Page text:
Positive end-expiratory pressure (PEEP) benefits in acute respiratory distress syndrome are driven by lung dynamic strain reduction. This depends on the variable extent of alveolar recruitment. The recruitment-to-inflation ratio estimates recruitability across a 10–cm H2O PEEP range through a simplified maneuver. Whether recruitability is uniform or not across this range is unknown. The hypotheses of this study are that the recruitment-to-inflation ratio represents an accurate estimate of PEEP-induced changes in dynamic strain, but may show nonuniform behavior across the conventionally tested PEEP range (15 to 5 cm H2O).
Twenty patients with moderate-to-severe COVID-19 acute respiratory distress syndrome underwent a decremental PEEP trial (PEEP 15 to 13 to 10 to 8 to 5 cm H2O). Respiratory mechanics and end-expiratory lung volume by nitrogen dilution were measured the end of each step. Gas exchange, recruited volume, recruitment-to-inflation ratio, and changes in dynamic, static, and total strain were computed between 15 and 5 cm H2O (global recruitment-to-inflation ratio) and within narrower PEEP ranges (granular recruitment-to-inflation ratio).
Between 15 and 5 cm H2O, median [interquartile range] global recruitment-to-inflation ratio was 1.27 [0.40 to 1.69] and displayed a linear correlation with PEEP-induced dynamic strain reduction (r = –0.94; P < 0.001). Intraindividual recruitment-to-inflation ratio variability within the narrower ranges was high (85% [70 to 109]). The relationship between granular recruitment-to-inflation ratio and PEEP was mathematically described by a nonlinear, quadratic equation (R2 = 0.96). Granular recruitment-to-inflation ratio across the narrower PEEP ranges itself had a linear correlation with PEEP-induced reduction in dynamic strain (r = –0.89; P < 0.001).
Both global and granular recruitment-to-inflation ratio accurately estimate PEEP-induced changes in lung dynamic strain. However, the effect of 10 cm H2O of PEEP on lung strain may be nonuniform. Granular recruitment-to-inflation ratio assessment within narrower PEEP ranges guided by end-expiratory lung volume measurement may aid more precise PEEP selection, especially when the recruitment-to-inflation ratio obtained with the simplified maneuver between PEEP 15 and 5 cm H2O yields intermediate values that are difficult to interpret for a proper choice between a high and low PEEP strategy.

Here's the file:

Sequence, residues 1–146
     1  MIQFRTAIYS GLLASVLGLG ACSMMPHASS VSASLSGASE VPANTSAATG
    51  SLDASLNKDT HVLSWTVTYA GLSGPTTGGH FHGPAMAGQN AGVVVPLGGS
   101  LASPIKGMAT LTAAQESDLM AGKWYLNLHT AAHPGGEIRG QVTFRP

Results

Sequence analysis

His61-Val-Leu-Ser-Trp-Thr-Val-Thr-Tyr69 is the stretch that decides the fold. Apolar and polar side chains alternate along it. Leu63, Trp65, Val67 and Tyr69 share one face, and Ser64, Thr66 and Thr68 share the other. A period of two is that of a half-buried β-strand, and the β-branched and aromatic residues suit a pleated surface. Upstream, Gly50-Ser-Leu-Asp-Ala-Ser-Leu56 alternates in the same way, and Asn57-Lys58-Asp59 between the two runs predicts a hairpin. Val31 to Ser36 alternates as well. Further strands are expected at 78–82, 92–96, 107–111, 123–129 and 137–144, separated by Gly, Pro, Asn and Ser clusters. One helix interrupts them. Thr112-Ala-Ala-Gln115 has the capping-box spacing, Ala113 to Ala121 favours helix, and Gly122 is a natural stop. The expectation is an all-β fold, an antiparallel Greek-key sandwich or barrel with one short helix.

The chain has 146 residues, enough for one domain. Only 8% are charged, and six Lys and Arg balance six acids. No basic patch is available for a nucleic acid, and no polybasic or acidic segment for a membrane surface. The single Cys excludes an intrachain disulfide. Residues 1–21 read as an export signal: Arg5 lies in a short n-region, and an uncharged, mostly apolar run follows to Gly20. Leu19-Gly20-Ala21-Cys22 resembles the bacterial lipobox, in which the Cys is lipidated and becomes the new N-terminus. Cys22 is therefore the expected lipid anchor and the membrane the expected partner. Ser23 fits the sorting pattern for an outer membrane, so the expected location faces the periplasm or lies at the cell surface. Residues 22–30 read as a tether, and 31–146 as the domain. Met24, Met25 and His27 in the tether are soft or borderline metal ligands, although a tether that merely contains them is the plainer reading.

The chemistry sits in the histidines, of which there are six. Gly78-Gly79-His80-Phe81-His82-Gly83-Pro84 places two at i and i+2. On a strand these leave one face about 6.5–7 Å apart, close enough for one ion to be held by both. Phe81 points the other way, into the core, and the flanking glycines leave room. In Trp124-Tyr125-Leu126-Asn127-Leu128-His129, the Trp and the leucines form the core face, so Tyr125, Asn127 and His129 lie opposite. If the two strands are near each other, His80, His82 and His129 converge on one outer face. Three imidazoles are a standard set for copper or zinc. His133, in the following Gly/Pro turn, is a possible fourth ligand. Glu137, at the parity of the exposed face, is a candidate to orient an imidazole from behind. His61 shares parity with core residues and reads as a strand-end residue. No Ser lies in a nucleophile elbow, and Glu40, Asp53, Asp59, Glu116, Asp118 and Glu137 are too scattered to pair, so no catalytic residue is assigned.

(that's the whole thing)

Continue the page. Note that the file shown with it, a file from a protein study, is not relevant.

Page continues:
- The ability to determine the optimal positive end-expiratory pressure (PEEP) for patients with acute respiratory distress syndrome may have important clinical ramifications.
- The optimal PEEP in such patients aims at reducing lung dynamic strain while avoiding baby lung overinflation. The balance between these two effects depends on the variable extent of lung recruitment.
- The recruitment-to-inflation ratio over a 10–cm H2O PEEP range has recently been proposed as a simplified method to bedside estimate lung recruitment, but it is undemonstrated if the recruitment-to-inflation ratio accurately reflects PEEP effects on lung strain.
- Whether the recruitment-to-inflation ratio is uniform or not across a 10–cm H2O PEEP range is unknown.
- In a cohort of patients with moderate to severe COVID-19 acute respiratory distress syndrome, the authors determined respiratory mechanics and end-expiratory lung volume by nitrogen dilution over a 10–cm H2O decremental five-step PEEP trial, and measured the recruitment-to-inflation ratio both globally (10–cm H2O PEEP range) and granularly (narrower PEEP ranges).
- The global effect displayed a linear correlation of both global and granular recruitment-to-inflation ratio with dynamic strain reduction. However, granular recruitment-to-inflation ratio showed high intraindividual variability, suggesting nonuniform recruitability across a 10–cm H2O PEEP range.
- A nonlinear quadratic relationship was noted between granular recruitment-to-inflation ratio and PEEP.
- These pilot data suggest that the recruitment-to-inflation ratio measured across a 10–cm H2O range may be of value clinically for setting PEEP to minimize lung dynamic strain. Granular recruitment-to-inflation ratio assessment may help more precisely assess PEEP effects, with relevant clinical implications for PEEP setting in patients who display a global recruitment-to-inflation ratio close to intermediate values.